By Pirkko Juntunen, NordicInvestor
Första AP-Fonden (AP1), one of five national buffer funds within the Swedish pension system, has had a busy year and perhaps an even busier past six months. Even a brief news search across channels, including their own archives, gives you an idea of some turbulence, even before we ever heard of Corona other than the easy-drink, light Mexican beer.
Having just been made head of a new team in January, Helen Idenstedt, who previously worked as portfolio manager idiosyncratic alternative investments, and her three colleagues in the External Partnerships and Innovation group, had to use both external partnerships and innovation to ride the storm that was coming. The investment teams at AP1 have been fairly traditional, divided by assets class but management has made efforts to create a more collaborative framework rather than teams working in silos especially where they think there are positive synergy effects to be gained. There are now seven teams working for Mikael Angberg, who has been CIO of AP1 since 2013.
“The whole point of creating this group was to establish more collaboration internally but also find innovative ways to work with our external partners and networks. We have a collaborative culture at AP1 already but there are always ways to improve and we wanted to create a more formal setting for this. This team brings together the oversight of private equity, private credit, hedge funds, high yield, US small caps and long-only emerging market equity in one team,” Idenstedt said.
The team has three other members; Jan Rådberg previously head of private equity, Majdi Chammas, previously head of external management with a quant background and Tina Rönnholm, previously portfolio manager external management. Rådberg remains portfolio manager private equity and Chammas is still portfolio manager for Emerging Market equities and small cap together with Rönnholm who also oversees the High Yield portfolio that she is managing.
On innovation Idenstedt said that AP1 has always been an organisation that encourages new ideas at all levels so in her manager research she is keen to also look for cultures which allows the same. Finding companies that encourage innovation and creativity, have an environment where mistakes are allowed and where people can speak up and voice ideas are ideal across asset classes, she said.
Idenstedt further explained that in manager searches and evaluation work co-operating over asset classes is something they believe will improve now that all of those working with external partners are in the same team. In addition, there are areas such as ESG where, depending on asset class, progress has gone faster and further in some compared to others. “Implementing ESG criteria for hedge funds or in the credit space is not always straightforward so that it has a material effect, rather than a box-ticking, ‘green washing’ exercise,” she added. Idenstedt believes this is one area in which the new team can add value by engaging in discussions across asset classes and learn from the long-only equity side which is much further ahead in implementing and integrating ESG criteria. AP1 is looking at integrating ESG not only on the fundamental side but also on the systematic, quant side and is working on how to best create the algorithms to take into account sustainability criteria.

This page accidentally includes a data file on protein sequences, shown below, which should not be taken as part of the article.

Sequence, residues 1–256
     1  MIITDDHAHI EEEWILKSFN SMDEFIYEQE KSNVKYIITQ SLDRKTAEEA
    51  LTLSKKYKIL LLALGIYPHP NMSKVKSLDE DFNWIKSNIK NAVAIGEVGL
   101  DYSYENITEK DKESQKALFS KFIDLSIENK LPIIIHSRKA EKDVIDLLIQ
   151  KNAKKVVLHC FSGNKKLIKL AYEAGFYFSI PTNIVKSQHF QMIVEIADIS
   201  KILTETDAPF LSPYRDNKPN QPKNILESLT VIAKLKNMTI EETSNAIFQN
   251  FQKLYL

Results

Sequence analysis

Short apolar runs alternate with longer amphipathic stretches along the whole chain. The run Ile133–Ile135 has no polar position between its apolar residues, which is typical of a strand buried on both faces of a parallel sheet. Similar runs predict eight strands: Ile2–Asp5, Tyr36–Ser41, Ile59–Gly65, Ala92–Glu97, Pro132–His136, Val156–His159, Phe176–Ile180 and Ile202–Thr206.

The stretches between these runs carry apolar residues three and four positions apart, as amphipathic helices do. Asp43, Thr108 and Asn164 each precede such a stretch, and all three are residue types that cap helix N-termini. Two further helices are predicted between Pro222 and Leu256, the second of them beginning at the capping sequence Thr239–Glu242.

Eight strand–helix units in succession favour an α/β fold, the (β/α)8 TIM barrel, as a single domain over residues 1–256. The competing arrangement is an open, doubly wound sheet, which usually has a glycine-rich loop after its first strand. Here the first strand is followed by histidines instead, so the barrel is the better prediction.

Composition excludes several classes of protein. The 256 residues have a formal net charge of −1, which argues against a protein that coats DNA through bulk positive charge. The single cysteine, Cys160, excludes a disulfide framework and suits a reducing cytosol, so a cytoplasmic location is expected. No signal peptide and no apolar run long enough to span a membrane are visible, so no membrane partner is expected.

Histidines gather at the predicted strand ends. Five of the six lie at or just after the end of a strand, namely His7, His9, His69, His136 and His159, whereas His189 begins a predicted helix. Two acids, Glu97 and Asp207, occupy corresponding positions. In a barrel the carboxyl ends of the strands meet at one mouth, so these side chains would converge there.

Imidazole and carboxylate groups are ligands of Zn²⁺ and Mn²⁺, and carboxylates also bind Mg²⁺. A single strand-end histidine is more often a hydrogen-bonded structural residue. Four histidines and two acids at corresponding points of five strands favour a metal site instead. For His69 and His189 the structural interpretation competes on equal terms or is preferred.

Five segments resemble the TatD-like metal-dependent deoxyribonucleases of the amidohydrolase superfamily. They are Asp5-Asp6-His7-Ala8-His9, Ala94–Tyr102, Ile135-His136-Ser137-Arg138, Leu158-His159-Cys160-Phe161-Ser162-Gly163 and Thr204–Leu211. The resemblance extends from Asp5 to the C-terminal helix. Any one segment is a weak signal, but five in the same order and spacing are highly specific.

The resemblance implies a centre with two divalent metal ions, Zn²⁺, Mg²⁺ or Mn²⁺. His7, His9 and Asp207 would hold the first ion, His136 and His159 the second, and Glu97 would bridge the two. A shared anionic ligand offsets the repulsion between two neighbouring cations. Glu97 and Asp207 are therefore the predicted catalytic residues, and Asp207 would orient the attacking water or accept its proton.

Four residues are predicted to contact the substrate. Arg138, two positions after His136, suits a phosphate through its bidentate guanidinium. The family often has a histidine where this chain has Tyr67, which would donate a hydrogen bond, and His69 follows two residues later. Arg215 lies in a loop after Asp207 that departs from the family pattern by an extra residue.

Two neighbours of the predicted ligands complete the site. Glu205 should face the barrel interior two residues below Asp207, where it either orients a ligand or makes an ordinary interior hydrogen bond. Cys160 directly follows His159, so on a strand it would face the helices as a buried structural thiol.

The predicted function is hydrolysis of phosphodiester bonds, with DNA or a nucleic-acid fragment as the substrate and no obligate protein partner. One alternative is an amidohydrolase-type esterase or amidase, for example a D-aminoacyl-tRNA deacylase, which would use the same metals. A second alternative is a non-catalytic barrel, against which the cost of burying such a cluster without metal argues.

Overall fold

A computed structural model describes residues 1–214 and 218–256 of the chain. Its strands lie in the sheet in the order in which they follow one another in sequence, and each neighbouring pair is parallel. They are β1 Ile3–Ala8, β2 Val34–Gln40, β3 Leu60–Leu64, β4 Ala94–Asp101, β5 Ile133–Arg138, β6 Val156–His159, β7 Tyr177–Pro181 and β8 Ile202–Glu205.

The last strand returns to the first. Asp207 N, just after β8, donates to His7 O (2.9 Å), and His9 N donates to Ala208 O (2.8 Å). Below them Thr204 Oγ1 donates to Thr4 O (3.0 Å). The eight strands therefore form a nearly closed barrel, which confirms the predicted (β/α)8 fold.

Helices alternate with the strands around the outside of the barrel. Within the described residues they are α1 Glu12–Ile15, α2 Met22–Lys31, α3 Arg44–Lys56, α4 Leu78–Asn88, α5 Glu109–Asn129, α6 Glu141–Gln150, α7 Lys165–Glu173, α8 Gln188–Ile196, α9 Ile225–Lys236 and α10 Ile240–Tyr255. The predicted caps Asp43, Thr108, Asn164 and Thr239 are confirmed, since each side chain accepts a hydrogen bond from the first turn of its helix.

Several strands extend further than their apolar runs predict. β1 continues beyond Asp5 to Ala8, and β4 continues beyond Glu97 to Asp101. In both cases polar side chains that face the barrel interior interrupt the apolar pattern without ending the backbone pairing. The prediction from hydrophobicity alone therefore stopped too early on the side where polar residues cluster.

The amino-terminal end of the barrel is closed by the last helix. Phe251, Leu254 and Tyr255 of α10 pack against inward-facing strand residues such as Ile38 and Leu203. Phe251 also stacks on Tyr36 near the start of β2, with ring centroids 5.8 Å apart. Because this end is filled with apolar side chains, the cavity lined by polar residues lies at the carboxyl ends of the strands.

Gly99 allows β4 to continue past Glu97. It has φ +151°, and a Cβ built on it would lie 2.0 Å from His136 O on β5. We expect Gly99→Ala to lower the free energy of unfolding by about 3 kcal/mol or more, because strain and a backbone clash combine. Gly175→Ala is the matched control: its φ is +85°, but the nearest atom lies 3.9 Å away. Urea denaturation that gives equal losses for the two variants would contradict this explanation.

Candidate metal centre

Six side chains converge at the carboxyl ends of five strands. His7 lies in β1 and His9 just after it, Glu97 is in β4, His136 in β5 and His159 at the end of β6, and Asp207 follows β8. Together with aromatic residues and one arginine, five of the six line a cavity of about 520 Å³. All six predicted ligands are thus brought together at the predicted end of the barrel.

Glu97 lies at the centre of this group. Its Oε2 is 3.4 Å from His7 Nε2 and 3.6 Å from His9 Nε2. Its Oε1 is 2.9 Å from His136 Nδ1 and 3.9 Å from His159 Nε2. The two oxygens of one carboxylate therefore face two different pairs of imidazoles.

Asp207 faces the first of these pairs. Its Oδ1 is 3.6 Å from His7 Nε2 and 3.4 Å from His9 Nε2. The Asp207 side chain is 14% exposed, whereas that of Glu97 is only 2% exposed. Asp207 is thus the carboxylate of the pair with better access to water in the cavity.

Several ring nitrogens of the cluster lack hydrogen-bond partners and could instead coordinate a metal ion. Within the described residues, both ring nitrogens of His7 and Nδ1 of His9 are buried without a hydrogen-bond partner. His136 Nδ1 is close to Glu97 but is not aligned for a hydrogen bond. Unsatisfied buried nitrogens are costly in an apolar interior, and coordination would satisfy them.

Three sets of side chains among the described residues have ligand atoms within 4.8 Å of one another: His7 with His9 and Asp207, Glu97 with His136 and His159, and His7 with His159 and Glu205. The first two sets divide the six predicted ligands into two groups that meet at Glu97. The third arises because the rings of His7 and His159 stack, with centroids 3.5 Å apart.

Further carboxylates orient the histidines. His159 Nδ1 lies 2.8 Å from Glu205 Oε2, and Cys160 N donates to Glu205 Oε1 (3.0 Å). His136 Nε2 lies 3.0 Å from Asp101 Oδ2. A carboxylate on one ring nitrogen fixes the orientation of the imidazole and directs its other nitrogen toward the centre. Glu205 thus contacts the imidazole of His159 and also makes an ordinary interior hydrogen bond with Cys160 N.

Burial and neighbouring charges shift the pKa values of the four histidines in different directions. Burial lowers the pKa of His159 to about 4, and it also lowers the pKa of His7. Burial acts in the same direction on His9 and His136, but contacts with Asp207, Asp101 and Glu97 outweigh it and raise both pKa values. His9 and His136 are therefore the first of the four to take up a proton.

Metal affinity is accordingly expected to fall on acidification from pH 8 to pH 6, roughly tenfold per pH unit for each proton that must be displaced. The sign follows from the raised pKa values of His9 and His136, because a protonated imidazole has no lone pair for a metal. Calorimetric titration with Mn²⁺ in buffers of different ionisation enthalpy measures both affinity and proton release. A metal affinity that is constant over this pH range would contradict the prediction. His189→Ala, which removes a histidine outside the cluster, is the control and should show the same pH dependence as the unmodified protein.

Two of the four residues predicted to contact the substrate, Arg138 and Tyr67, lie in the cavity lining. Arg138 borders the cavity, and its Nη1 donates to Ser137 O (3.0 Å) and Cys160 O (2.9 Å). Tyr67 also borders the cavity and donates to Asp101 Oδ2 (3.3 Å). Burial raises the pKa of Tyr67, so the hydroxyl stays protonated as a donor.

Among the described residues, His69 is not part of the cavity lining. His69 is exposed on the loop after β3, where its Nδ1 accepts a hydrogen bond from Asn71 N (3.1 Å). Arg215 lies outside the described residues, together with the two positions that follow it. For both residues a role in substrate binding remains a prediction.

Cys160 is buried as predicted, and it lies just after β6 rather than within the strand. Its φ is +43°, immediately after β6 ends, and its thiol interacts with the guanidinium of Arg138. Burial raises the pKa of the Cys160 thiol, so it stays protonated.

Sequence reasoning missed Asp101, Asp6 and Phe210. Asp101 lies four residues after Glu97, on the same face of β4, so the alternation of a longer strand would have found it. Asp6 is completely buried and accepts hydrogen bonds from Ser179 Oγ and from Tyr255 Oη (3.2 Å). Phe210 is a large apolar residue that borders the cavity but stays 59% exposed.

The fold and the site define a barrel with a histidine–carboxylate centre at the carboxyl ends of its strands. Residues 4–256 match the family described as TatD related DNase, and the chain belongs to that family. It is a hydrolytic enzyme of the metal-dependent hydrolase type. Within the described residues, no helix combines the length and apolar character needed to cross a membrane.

The AP funds have pioneered a lot of work on ESG over the years and last year when the new investment guidelines came into effect, sustainability was high on the agenda. As a result AP1 appointed Magdalena Håkansson as head of sustainable value creation to drive the fund’s sustainability efforts forward and coordinate the initiatives from all departments, supporting the portfolio managers. AP1 has stayed away from calling itself an impact investor and its ESG efforts have focused on resource efficiency or dedicated sustainable investments where there is a direct link between sustainability and the investment, such as renewable energy for instance. This allows the fund to look beyond single issues such as climate change, to a wider circular economy concept. Here companies and industries minimise waste and utilise resources more efficiently. These are resources such as waste and water but also financial and human resources, in an effort to create a more sustainable business or environment for the long term.
Resource efficiency is something AP1 also talks about for its internal organisation. “A small organisation with high ambitions like AP1 constantly has to find smart ways of doing more with what we have and I think we can make better use of what we have in terms of our networks and external partnerships. Creating this new, more systematic approach and work smarter, not harder is a way of developing this,” Idenstedt noted.
The creation of the Idenstedt’s team was part of a broader re-structuring of the equity strategies at AP1. At the end of 2019 AP1 embarked on the revamp following an internal analysis earlier in the year which indicted missed return targets. This resulted in moving some developed market assets to passive investments to be managed in-house, which led to four out of six equity managers being made redundant.
The restructuring of the equity strategies was unrelated to the sacking of former CEO Johan Magnusson and Olof Jonasson, head of equities. Both were relieved of their duties for violation of internal regulations and certainly added to the impression of turbulence. In February AP1 announced that Kristin Magnusson Bernard will take the reins as CEO of AP1, stepping into the role in August. Mats Larsson is now heading the equities team, having previously worked as a strategist at the fund.